At first Editha is usually war starving. She wants her country to go to conflict, and she wants George to go and fight. Even though the author doesnâ€™t give the age of Editha, I think she acts very childish, and immature. I understand adoring your nation and planning to fight for that, but 1 must also understand the danger that comes along with that. She is enthusiastic about her country and struggling with for it. The girl puts an ultimatum in George. He can unsure from the war, and unsure of fighting in it, but she constantly pushes him to go. The lady even advances God in it. Expressing â€œGod supposed it to be warâ€? (273). She is speaking of it, as if it was a â€œHoly Warâ€?. This is not the case, and George does not take up it, nevertheless she retains pushing him. The commandement comes when he says â€œIâ€™ll come back to supper, if youâ€™ll let me. Perhaps I shall bring you a convertâ€? (272). She replies with â€œWell, you may revisit, on that conditionâ€? (272). She is adding â€œif, in support of ifâ€? requirements on his come back to her.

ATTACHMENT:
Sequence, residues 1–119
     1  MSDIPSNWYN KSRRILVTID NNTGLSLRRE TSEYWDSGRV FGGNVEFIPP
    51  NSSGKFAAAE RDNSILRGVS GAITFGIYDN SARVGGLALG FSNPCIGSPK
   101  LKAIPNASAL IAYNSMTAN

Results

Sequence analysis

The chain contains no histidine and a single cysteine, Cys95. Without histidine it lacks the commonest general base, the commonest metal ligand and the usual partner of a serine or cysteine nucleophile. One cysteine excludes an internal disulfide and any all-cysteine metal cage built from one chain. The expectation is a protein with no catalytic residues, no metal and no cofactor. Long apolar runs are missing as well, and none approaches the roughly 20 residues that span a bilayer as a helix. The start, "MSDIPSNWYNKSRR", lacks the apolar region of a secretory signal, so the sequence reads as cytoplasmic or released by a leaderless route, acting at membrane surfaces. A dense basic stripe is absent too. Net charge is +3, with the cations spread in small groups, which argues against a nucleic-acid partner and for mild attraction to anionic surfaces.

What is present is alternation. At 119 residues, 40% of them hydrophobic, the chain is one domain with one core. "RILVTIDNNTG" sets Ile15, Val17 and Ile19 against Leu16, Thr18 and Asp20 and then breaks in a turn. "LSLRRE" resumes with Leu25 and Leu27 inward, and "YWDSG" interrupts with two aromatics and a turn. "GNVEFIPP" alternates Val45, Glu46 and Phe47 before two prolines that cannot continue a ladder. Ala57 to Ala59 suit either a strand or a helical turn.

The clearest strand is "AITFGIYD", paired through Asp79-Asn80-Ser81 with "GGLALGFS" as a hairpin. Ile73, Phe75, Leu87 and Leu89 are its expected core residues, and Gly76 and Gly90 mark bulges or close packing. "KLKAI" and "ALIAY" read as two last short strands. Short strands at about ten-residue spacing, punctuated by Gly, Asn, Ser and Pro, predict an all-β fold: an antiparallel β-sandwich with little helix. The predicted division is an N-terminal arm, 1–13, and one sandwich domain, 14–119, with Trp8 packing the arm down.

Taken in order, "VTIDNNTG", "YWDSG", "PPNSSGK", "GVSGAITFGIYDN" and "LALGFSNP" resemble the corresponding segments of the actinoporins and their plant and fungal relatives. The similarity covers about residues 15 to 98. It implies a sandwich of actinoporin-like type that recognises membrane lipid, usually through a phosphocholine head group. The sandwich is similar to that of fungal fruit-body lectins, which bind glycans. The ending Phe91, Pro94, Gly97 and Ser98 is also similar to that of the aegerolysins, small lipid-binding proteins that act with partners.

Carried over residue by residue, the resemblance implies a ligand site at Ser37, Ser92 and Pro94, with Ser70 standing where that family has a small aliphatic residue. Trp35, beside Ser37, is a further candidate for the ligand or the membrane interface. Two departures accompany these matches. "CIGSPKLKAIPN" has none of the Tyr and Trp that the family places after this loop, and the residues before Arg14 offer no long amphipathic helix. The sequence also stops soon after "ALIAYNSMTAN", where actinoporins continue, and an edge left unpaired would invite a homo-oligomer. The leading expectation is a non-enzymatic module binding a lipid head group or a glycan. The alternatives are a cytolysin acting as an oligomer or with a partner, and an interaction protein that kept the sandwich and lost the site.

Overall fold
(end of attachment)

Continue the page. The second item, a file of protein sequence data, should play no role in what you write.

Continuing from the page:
Once this individual leaves, your woman gets even more demanding, and writes him a page explaining that if he doesnâ€™t make the right (or her) decision, then the engagement will be off. Her love of country is more significant than the take pleasure in of her man; â€œThere is no honor above America with me. With this great hour there is no other honorâ€? (273). Editha is very set in this train of thought, the girl can see not any other way, and no other options but to deal with. If George does not fight, then the girl cannot marry him. She actually is forcing her morals, and ideals straight down his neck, and he does not have a probability to fully stand up for his own. Editha claims, â€œShe could not agree to for her country or their self a compelled sacrificeâ€? (273). Yet this is exactly what she is performing. These couple of rational observations lead myself to believe that Editha suffers from some sort of mental lack of stability. She promises not to want a forced sacrifice, yet it�s this that she really does, and when a rational information crosses her mind, the lady recognizes that, yet your woman dismisses it as fast as this came to her. I feel that the lady guiltâ€™s George into going to war, and it is very proud to have succeeded in doing so, when the lady learns of his decision.